first night

The Marriage of Figaro

Francis Mullaly is is blown away by DOE's inaugural Gala Show 'The Marriage of Figaro'


The Marriage of Figaro (1786) is arguably one of Mozart's most universally acclaimed works - an opera buffa that fuses everything you want in a musical comedy: a suitable yet ridiculously conceived plot, an assortment of stereotypical characters, and a barrage of unfailing wit that will entertain the audience. I had high expectations for Durham Opera Ensemble's (DOE) inaugural production in the Gala Theatre, and was not disappointed. Undoubtedly, this was one of the strongest and most talented principal casts I have seen in student theatre.

Rather ironically, this review for First Night is actually based on the second (and concluding) night, yet this just meant that there was much less margin for error. And my incessant need to nitpick everything showed just how was few and far between any faults lay. Call me somewhat of an opera traditionalist; and whilst I appreciated the innovation that a contemporary 1960s setting instilled, I still wasn't completely convinced. Saying that, the costumes (particularly the Mondrian-inspired bridesmaid dresses) were stylish and both the costume and make-up departments should be proud of themselves. Similarly, a sparse set was effective and scene transitions were slick - to be expected for a second night. I would have preferred more props, particularly in the Wedding Scene (Act III), but I loved the large windows that formed an omnipresent backdrop to all four Acts. The subtle lighting behind them was an intelligent decision that could convey the passage of time during this 'folle journée' - a crazy day of suitably engaging drama.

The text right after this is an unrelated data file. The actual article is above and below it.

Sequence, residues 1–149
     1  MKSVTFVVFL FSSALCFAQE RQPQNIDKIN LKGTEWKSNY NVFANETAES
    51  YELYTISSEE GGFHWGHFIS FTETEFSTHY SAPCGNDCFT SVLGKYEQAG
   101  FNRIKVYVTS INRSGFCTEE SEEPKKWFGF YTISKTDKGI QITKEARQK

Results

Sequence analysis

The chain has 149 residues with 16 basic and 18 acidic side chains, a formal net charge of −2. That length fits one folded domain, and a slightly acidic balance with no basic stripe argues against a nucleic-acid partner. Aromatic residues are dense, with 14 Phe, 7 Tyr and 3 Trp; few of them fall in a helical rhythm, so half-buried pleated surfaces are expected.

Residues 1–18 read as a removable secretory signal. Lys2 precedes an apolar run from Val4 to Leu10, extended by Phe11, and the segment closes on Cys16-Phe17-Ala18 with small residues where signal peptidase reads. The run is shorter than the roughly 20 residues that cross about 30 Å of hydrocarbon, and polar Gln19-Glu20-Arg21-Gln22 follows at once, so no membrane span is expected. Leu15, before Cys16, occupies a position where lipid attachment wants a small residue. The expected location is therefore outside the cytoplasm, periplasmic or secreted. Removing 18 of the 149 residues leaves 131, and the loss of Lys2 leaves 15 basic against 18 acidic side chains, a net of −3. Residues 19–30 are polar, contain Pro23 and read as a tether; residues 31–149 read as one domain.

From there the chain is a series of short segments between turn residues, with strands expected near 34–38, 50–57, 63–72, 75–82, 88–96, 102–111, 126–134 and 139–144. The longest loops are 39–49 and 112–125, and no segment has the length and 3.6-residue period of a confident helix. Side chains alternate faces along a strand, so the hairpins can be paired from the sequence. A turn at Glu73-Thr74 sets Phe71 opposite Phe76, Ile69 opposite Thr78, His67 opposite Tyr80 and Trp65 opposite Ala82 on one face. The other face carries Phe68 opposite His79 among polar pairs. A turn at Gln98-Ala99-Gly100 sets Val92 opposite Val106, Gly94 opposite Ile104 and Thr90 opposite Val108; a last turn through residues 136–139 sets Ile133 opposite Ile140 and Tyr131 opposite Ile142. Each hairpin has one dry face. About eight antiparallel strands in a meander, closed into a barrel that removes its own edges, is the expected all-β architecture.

Despite my initial reservations, this modern adaptation provided a wonderful juxtaposition with the traditional pit orchestra. Harry Castle, Musical Director, displayed authoritative leadership in commanding a clearly talented orchestra that played extremely consistently for three hours. Being picky, there was a tendency from the brass and large tuttis to overpower solo singers. The orchestra and the singers and were largely together but a special mention deservedly goes to the oboes for some beautiful colour in their playing, and unquestionably to Will Ford for some superb harpsichord playing during the recitatives. Whilst an English libretto was used in favour of the traditional Italian, this helped create a more accessible and less elitist interpretation.

When it came to the exposition of the principal cast, the male leads were suitably assertive. Figaro, played by Tom Rowarth, displayed a strong stage presence and delivered a consistent vibrato in managing all of Figaro's baritone range with ease - particularly in his famous Act I Cavatina. Equally strong in character was the slick yet sleazy demeanour of Count Almaviva, played by Crispin Lord. He was particularly good when exuding tension whilst interacting with the female leads - trying to seduce one and ending up grovelling to the other. Marnie Blair deserves a special mention for her effortless portrayal of Cherubino, the famous 'trouser role'. Her aria to the Countess (voi che sapete) was flawless and she captured the comedy within the Bedroom Scene (Act 2) and the flower girl scene with ease - no wonder she was an audience favourite!